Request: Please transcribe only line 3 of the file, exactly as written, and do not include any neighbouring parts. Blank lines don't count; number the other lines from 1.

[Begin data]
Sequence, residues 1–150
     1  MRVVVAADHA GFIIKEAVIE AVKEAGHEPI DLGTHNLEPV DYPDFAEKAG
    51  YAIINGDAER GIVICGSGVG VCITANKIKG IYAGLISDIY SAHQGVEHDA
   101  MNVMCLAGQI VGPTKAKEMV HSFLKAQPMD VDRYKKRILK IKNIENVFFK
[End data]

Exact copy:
    51  YAIINGDAER GIVICGSGVG VCITANKIKG IYAGLISDIY SAHQGVEHDA